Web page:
Philadelphia tow trucks will be required to provide photos of parking violations

Tow truck drivers in Philadelphia will soon be required to collect photographic evidence of parking violations before towing a vehicle, under a state law signed Monday.

The law, authored by state Rep. Jose Giral (D., Philadelphia), is an attempt to hold towing companies accountable and give drivers a sure-fire way to challenge parking violations. It applies only to Philadelphia, where residents have frequently complained about the Philadelphia Parking Authority’s ticketing and towing practices.

“This is a meet-in-the-middle bill with the towing companies and the vehicle owners,” Giral said. “It’s something that should have been done a long time ago.”

The PPA, which operates as a state agency independent of city governments, will be able to impose penalties on contracted towing companies if they fail to comply with the up-to-date law.

The law is not related to the city’s unpopular practice of courtesy towing — when a car is moved from a legal parking space after it has been marked as a short-lived no-parking zone. The law applies only to vehicles with towing violations.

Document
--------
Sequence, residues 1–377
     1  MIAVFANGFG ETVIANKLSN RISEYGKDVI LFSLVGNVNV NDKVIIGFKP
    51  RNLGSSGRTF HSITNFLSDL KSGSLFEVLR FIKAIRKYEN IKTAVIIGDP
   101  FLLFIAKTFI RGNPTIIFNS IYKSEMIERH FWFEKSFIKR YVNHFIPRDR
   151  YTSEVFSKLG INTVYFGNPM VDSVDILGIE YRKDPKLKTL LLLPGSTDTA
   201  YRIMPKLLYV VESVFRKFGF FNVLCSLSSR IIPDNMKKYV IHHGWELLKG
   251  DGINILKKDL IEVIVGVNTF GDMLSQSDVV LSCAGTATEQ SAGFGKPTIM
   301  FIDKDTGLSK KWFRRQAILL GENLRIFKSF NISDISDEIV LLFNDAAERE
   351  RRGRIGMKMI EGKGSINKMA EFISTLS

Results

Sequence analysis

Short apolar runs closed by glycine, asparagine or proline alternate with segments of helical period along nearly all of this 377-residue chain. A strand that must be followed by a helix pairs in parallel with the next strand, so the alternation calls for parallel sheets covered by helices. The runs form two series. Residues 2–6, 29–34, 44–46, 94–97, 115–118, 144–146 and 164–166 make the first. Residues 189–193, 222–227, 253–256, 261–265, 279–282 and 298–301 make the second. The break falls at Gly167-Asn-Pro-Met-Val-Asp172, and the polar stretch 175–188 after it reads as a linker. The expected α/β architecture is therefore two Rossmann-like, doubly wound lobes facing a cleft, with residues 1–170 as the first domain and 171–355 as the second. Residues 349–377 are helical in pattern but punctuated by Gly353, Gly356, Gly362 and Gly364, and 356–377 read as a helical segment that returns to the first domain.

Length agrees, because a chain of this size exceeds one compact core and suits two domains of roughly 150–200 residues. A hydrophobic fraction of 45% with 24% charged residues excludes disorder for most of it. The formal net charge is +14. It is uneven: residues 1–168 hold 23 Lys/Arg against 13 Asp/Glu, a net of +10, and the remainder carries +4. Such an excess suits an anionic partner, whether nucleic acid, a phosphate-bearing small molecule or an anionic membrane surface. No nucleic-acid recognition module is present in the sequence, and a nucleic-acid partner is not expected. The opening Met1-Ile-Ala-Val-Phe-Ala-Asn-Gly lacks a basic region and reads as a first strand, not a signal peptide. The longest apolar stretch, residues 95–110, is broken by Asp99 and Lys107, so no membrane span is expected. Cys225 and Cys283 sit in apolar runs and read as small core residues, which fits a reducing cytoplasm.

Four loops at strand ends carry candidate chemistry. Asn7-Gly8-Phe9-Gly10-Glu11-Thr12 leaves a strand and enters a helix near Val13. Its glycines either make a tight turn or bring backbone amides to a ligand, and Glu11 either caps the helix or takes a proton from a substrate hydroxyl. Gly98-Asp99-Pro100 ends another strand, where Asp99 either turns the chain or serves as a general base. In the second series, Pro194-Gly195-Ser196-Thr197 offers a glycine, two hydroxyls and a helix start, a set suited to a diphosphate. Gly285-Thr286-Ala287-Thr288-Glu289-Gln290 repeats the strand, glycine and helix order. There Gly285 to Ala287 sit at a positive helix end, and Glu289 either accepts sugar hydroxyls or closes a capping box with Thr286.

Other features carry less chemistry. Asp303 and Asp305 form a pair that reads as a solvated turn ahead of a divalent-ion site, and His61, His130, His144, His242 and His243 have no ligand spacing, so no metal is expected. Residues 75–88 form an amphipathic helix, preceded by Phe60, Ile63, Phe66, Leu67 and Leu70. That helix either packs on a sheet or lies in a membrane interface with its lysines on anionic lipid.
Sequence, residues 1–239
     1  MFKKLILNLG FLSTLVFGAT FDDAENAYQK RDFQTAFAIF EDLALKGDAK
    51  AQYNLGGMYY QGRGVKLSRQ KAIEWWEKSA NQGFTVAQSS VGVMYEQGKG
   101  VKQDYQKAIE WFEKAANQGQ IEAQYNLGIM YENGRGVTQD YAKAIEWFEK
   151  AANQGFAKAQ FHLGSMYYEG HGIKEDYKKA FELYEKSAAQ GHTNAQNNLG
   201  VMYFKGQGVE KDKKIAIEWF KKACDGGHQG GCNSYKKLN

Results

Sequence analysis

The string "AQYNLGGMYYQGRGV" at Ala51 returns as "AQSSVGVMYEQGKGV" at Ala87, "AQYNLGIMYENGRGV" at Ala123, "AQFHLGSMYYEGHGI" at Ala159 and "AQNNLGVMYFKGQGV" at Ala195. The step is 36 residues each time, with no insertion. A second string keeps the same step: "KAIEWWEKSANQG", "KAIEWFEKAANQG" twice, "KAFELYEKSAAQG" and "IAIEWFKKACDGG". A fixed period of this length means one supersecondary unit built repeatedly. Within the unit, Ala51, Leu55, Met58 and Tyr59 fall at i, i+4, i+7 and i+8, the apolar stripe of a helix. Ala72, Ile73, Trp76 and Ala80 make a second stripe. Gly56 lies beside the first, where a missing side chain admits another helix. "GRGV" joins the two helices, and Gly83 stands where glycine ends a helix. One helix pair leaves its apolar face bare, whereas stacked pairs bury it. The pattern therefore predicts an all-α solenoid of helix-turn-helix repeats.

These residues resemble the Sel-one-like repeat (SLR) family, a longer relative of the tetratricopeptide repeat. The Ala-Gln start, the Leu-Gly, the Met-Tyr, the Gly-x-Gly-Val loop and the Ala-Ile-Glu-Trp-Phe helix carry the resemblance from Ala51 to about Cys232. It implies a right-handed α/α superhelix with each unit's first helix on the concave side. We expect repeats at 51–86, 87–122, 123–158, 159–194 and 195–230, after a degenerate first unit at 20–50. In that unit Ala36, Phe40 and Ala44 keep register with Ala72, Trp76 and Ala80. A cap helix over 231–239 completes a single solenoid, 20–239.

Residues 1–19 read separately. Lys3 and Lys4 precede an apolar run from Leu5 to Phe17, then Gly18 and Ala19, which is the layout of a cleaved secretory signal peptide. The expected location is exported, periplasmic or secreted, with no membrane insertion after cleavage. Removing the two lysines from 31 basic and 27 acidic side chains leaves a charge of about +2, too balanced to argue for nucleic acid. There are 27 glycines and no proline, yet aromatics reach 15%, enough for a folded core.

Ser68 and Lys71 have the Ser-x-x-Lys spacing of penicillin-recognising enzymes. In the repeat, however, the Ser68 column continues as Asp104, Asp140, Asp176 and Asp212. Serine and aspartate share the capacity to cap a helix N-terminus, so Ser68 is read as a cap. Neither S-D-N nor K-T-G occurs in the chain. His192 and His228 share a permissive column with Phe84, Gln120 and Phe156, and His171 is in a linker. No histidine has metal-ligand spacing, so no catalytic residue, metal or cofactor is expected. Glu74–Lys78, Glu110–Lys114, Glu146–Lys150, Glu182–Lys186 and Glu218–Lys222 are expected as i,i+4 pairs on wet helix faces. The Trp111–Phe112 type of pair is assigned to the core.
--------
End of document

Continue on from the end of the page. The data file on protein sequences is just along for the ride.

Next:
Under the PPA, a vehicle may be towed if it is in a designated towing zone or if it has three or more parking violations, red airy violations or speed camera violations website.

Photos of the vehicle and nearby signage are already taken if the vehicle is issued a parking ticket for towing, according to a PPA spokesman. The photos are available to drivers upon request and free of charge, which is also required by the up-to-date law.

Giral said constituents in his Kensington district often call him after being “wrongfully accused of parking illegally.” This legislation, he said, would address such issues.

“This goes beyond the violation itself,” he said, noting that if a vehicle is damaged during towing, the up-to-date law will provide photo evidence.

The law, which Democratic Gov. Josh Shapiro signed this week after both chambers of the General Assembly unanimously passed it, will take effect Sept. 6.

Trebor Maitin is an intern at the Pennsylvania Legislative Correspondents Association. He can be reached at

Adjustment: This article has been updated to correct the identity of the entity responsible for towing in Philadelphia.

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